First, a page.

As Millennials, we are a generation lucky to say we watched many great phenomenons rise to popularity.
We are, without a doubt, the generation of social media.
As we grew up, so did the Internet. We lived in a world with dial-up songs, and we now live in a world where you can order a pizza by tweeting an emoji.
There's obviously been a lot of good that has come from being the technological demographic of young adults.
But as with all good things, this one came with a price.
The price of being the generation of social media is clear: We are also the generation of cyber-bullying.
A new horror and art film hybrid, aptly titled "#Horror," recently made waves with its trailer.
The film, which stars Chloë Sevigny, is a commentary about the horrors that come from cyber-bullying. The site IMDb states the film is inspired by true events revolving around social media.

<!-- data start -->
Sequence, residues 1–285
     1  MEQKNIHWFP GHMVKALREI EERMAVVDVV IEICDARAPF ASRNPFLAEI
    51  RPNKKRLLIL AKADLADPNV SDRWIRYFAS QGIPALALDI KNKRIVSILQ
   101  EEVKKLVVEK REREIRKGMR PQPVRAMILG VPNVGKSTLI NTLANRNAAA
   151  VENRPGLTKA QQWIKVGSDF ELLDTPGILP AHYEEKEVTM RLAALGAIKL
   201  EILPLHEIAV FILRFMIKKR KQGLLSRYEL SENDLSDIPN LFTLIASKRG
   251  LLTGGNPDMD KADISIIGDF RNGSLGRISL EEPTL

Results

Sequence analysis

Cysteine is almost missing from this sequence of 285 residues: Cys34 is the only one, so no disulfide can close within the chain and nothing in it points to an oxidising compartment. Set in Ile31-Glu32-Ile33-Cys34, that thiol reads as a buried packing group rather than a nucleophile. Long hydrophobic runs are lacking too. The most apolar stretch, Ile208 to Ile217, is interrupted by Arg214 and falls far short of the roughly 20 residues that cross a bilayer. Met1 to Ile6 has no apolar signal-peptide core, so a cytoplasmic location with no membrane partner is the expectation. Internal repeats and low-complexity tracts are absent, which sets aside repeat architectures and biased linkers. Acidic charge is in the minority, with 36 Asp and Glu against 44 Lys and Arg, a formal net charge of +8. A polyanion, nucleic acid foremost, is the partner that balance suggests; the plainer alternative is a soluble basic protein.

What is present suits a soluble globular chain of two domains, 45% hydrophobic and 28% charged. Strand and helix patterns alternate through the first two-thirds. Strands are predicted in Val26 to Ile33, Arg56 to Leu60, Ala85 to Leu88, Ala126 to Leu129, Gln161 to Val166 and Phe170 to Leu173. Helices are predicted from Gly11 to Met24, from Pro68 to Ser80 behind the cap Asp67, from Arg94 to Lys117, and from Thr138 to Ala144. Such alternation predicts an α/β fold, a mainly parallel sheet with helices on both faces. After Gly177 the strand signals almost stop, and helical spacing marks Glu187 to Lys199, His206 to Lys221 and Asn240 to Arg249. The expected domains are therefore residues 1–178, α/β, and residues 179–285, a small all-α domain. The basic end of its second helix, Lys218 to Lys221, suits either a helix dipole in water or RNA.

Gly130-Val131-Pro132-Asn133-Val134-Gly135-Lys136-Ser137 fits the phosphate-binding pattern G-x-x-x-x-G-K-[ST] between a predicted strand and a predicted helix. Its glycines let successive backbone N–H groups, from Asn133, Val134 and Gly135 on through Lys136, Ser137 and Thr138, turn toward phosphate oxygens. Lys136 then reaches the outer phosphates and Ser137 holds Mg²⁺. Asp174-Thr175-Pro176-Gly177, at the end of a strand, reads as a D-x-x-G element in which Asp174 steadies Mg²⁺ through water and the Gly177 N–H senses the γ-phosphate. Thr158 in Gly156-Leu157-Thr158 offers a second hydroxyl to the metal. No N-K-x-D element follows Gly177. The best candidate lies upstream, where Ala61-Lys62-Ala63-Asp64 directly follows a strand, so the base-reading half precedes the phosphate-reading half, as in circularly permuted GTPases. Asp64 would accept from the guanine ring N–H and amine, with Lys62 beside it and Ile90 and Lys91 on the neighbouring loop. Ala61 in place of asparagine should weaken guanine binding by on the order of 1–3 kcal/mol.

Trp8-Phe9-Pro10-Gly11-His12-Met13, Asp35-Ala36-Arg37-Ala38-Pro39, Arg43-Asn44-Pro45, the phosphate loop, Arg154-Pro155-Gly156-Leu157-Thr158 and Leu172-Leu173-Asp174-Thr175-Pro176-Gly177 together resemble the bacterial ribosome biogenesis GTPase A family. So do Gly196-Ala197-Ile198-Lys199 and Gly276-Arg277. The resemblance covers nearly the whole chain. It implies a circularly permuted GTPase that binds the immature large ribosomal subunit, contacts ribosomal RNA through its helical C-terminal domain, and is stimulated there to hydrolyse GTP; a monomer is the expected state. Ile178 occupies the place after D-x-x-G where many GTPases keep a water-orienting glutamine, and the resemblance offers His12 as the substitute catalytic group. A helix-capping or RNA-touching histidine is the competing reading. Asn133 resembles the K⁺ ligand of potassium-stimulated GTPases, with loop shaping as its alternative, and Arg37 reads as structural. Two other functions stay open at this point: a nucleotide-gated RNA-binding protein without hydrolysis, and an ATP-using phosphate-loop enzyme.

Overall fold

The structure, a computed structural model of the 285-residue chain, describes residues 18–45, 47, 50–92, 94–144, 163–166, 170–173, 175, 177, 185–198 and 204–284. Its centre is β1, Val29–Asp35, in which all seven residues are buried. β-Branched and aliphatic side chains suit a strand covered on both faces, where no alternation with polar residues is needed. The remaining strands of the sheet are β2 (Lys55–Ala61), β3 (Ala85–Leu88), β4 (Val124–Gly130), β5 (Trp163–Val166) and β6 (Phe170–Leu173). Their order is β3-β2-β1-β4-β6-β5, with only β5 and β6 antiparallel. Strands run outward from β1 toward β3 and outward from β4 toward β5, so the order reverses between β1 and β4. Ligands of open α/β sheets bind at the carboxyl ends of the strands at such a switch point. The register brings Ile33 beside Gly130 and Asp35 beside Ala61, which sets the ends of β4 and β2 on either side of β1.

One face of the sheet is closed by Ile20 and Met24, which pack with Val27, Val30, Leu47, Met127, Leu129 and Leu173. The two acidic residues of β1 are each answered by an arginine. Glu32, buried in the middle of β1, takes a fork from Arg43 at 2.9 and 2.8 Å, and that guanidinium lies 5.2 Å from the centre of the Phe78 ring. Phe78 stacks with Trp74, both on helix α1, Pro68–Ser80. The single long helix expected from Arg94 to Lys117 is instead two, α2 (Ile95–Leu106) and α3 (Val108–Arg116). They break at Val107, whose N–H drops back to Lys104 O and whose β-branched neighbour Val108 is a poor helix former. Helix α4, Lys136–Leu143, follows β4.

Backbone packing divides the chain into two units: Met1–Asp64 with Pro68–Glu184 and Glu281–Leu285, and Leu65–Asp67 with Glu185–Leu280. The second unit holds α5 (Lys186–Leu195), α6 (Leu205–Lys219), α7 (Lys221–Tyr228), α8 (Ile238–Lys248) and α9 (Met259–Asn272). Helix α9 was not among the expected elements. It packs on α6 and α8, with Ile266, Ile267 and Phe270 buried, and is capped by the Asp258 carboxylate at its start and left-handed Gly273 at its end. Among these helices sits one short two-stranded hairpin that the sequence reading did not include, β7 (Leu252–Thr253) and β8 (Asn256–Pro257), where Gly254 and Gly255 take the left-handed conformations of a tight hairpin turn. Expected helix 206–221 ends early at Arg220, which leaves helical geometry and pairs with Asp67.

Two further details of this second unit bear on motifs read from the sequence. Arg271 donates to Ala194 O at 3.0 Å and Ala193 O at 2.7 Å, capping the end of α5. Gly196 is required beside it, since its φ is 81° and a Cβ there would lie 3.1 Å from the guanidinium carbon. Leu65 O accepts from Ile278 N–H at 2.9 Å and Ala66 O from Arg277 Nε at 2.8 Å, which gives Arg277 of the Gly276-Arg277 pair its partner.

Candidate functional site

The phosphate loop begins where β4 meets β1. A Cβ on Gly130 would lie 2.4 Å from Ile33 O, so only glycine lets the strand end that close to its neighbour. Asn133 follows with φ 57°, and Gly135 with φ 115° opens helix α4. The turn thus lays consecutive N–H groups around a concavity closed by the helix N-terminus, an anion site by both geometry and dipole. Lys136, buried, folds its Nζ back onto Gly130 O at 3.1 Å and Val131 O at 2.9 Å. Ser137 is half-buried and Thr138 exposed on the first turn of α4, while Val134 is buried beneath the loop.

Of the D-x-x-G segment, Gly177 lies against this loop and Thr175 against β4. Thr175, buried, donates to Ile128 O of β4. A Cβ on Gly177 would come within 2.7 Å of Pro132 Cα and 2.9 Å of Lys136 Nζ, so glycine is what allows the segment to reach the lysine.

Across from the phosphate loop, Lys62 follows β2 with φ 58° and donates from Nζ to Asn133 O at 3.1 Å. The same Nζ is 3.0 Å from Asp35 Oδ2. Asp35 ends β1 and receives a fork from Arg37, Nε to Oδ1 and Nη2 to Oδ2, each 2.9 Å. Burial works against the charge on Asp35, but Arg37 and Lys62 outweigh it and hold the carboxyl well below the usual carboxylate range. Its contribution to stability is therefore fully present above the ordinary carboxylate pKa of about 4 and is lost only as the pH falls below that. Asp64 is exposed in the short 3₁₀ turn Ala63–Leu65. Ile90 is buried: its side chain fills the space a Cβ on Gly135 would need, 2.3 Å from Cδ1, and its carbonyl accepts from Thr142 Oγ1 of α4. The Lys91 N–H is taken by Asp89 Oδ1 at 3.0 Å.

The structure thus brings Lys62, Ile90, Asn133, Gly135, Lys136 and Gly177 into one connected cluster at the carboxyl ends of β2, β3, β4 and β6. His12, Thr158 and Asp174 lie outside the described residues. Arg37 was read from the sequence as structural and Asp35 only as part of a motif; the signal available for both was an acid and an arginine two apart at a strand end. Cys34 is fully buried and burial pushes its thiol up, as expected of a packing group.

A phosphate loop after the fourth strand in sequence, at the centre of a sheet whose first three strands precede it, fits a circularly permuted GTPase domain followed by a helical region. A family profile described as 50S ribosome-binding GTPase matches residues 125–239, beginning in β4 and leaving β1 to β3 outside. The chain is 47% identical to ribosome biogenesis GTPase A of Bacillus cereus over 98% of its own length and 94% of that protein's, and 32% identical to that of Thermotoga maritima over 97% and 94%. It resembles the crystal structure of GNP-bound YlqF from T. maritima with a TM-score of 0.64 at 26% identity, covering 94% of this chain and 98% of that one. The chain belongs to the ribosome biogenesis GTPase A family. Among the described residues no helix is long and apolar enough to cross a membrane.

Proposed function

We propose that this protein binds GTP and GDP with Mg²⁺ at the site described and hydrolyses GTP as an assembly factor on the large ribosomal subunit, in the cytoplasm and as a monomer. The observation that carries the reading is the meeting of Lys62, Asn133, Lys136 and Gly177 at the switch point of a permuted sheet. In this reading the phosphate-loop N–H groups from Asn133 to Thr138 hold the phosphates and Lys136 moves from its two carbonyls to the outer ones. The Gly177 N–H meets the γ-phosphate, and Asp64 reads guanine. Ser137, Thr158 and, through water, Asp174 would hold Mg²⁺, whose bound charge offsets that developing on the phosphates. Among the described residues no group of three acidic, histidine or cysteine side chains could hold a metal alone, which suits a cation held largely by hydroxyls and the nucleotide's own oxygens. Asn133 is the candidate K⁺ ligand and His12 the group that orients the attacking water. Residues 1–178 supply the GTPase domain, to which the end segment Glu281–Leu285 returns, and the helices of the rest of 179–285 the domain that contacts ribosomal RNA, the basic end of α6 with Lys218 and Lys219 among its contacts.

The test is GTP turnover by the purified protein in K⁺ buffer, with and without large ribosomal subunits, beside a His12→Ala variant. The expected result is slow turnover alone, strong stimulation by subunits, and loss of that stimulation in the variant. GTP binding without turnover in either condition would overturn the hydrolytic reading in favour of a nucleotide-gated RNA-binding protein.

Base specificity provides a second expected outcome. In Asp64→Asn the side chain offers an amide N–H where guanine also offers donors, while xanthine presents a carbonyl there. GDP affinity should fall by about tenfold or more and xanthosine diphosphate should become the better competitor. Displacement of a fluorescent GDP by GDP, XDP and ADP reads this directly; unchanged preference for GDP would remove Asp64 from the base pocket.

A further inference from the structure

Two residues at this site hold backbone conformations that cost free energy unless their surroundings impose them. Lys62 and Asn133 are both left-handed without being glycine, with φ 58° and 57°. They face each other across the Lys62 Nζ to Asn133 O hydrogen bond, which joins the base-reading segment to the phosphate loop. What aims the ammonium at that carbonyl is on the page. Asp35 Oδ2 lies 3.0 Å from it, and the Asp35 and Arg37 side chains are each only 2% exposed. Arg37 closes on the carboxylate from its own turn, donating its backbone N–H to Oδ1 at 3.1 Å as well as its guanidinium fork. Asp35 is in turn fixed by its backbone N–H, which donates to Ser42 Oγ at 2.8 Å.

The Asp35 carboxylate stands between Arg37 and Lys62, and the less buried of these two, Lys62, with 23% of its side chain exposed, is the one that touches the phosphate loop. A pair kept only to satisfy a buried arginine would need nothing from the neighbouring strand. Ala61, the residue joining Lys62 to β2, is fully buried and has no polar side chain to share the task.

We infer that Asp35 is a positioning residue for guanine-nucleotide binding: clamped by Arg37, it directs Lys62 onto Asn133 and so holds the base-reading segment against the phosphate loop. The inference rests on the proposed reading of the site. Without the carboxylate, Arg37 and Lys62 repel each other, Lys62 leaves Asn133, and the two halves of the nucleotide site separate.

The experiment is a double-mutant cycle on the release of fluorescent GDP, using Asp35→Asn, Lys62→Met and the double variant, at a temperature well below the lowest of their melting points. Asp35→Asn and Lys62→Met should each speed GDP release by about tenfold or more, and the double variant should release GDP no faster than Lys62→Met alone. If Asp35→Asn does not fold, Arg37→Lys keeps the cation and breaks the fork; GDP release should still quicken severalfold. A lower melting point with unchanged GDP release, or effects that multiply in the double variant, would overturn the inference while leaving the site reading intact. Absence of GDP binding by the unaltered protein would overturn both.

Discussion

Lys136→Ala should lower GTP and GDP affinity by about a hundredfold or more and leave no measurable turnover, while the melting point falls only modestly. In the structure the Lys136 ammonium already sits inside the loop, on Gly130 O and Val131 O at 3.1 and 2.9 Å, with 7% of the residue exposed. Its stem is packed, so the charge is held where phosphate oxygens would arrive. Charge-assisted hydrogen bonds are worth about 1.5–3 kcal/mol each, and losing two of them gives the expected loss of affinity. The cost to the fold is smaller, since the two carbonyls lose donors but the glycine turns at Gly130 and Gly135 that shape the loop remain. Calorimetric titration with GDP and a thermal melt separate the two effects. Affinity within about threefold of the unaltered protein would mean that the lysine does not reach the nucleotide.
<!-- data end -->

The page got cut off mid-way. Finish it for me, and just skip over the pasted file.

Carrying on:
Here's the thing: Cyberbullying is not limited to the iPhone age, but it has gotten much worse over the past few years.
Before Instagram, Facebook and Twitter, there was the good ol' AOL Instant Messenger.
Many young professionals look back on AIM with twinges of nostalgia, remembering the time spent crafting the perfect screen name, profile info (complete with Dashboard Confessional song lyrics) and away messages (OuT, CaLL tHe CeLL).
However, for some, the trip down memory lane isn't all that rosy.
Take Kayla,* for example, a 20-something from New York City, who has horrific memories of high school, all of which incidentally took place at home.
When I spoke with her about the cyberbully who tormented her, it was clear she was still affected.
This is almost a full decade later.